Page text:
RN: I love what you say above: “Producing and reading global science fiction helps us understand ourselves and each other better, it helps us build a better empathy, gives us a broader palette of root ideas to apply to our visions of the future rather than focusing on one dominant hegemonic thought framework.” – having lived nearly two decades outside of the United States, I have been struck by how every year it seems more and more local culture is drowned in the slurry of global monoculture. English has become much more of a Lingua Franca than Latin (or certainly the Sabir pidgin, to which the term Lingua Franca actually refers) ever was, and if folk music is passed down from one generation to another these days, it seems it is passed only in the thinnest and most stereotyped of forms, autotuned to death and drowned in imitative studio beats or in a generic pseudo-“Eastern” rhythm. Yet the maintenance of what one might call our “separateness” – the things which make our cultures unique – seems both impossible and, perhaps, not something to be strived for. I worry, at times, that by the time we come to understand one another there will be nothing different left, or only superficial differences left, to understand.
Coincidentally, in my real job I have been having conversations with Indigenous people about local ownership and Co-management of parklands, and one of the things they noted is the use of the word “incorporate” as in “Science should learn to incorporate local knowledge into its frameworks.” One of my Indigenous colleagues pointed out that this implies a massive power imbalance, in which science essentially consumes local knowledges (the plural here in intentional) but its own structure does not fundamentally change. I find myself thinking of how rock music in the sixties “incorporated” the sitar and other “Eastern” instrumentation, without fundamentally altering its own DNA.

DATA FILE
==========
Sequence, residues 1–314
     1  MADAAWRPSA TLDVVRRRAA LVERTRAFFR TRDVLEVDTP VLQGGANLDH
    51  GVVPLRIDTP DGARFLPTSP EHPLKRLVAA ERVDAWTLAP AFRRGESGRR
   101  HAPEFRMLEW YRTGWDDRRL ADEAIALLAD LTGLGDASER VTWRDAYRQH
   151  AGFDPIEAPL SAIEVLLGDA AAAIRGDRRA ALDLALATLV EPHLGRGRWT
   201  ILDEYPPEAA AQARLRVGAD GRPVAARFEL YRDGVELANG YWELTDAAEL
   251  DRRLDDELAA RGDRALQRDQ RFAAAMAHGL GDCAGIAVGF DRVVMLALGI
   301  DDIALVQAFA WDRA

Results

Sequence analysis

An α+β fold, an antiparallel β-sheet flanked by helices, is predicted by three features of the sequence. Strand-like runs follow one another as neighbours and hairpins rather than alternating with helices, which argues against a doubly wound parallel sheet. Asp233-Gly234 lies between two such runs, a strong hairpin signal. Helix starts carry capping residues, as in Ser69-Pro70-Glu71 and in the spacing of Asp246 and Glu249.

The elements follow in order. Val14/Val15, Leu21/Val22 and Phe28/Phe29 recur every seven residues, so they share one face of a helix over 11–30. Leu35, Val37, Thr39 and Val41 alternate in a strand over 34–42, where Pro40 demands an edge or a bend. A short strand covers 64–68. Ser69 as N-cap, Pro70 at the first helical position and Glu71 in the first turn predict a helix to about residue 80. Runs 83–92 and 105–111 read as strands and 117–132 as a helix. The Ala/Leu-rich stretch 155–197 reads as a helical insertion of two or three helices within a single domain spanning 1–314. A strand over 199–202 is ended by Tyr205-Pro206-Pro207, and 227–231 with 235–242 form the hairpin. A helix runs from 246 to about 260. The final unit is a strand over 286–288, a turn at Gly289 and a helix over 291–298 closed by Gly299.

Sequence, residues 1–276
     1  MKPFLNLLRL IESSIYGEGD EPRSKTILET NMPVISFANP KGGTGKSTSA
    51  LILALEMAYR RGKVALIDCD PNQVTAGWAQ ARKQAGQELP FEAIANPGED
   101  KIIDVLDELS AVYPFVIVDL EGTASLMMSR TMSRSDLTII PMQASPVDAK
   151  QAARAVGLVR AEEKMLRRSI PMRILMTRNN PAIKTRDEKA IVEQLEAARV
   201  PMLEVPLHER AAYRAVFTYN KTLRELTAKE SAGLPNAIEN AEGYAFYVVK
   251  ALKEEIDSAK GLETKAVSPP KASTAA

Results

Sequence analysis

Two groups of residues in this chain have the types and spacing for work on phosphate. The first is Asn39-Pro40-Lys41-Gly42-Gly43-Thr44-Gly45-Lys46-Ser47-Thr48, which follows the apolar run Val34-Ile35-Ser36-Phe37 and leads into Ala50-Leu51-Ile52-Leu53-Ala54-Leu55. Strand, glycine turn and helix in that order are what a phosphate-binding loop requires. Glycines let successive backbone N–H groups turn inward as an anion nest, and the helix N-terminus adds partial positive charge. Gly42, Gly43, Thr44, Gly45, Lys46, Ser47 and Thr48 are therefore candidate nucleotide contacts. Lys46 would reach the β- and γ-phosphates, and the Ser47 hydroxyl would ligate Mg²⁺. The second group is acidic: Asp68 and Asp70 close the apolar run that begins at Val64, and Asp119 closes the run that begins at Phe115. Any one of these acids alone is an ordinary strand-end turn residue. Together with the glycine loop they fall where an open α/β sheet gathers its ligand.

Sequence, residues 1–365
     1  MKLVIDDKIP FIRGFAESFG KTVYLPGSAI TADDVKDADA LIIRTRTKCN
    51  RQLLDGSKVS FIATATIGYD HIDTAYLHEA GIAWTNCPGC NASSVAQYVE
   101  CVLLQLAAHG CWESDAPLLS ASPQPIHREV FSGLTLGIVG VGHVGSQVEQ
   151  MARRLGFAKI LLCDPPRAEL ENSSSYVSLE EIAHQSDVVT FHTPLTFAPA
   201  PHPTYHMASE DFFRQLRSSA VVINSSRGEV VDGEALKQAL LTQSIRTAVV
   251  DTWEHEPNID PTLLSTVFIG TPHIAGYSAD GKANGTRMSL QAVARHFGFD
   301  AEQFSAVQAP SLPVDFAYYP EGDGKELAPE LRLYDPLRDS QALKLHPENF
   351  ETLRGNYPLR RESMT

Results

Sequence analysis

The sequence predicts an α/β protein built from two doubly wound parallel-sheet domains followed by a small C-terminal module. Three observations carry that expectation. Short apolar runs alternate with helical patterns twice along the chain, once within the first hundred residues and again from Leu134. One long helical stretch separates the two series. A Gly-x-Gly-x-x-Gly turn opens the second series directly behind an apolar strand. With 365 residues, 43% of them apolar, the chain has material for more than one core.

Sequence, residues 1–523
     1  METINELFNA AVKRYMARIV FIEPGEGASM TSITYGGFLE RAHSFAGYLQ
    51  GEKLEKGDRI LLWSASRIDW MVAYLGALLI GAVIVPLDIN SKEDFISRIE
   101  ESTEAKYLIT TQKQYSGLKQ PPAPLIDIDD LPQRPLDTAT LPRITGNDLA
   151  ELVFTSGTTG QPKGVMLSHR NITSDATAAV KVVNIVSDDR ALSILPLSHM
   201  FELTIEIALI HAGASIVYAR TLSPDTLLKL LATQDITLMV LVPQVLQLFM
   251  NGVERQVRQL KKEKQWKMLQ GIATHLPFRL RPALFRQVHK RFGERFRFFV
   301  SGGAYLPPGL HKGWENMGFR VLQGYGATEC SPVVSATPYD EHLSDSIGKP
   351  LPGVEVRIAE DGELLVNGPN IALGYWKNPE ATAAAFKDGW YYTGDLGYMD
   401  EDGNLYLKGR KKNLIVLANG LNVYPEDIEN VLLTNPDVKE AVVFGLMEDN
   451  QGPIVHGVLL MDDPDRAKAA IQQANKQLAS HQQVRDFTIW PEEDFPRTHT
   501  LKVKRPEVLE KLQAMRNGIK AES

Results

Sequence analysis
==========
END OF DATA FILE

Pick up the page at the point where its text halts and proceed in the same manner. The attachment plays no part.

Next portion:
I’ve been pondering this for a while, and trying to come up with a better metaphor for how this relationship should be defined. You outline pathways above – production, content, reception / community – for a more global science fiction. But here is my question: can we keep science fiction from “incorporating” local viewpoints, and instead fundamentally change what it is? And what do you think the best metaphor for the new structure of understanding would be?
WT: That’s a great question Ray, a great one.
I think we need to go back to the source. “Modern science” as it stands today, took shape in the 19th century, and evolved from natural philosophy before it fully became an empirical framework. So, at its heart science is philosophy. And philosophy is the systematic study of the world. Of existence. Of reality. Every culture has that.
However, as you said, I also think that separateness, uniqueness is impossible to maintain. No culture is static anyway. That includes their philosophy. And so, it stands to reason that as cultures and ideas and ways of being encounter each other, they will change, some aspects are lost, modified, improved, and that is inevitable. However, what we would hope is the result of that change is something better than what came before. Something that takes the best elements of both that works for as many people as possible or in appropriate contexts and then moves forward. Which cannot happen when we have a power imbalance as you mentioned. That’s where I think the understanding of science as philosophy can help. I still hear people say things like “Colonization was bad but at least it spread civilization around the world”. And besides the obvious wrongness of that statement, I usually ask them to imagine what the world would be like today if instead of forcibly subjugating and exploiting people they encountered, the colonists had meaningfully engaged with the people and exchanged ideas and understanding of the world equitably. Engaged with the natural philosophies they encountered to move forward together. Imagine what that world could be today if that had been our history. My forthcoming story A Dream of Electric Mothers in the Africa Risen anthology does this. Reimagines an Africa that was never colonized and where local Ifa practices and knowledge has merged with western computer technology to create a different kind of artificial intelligence.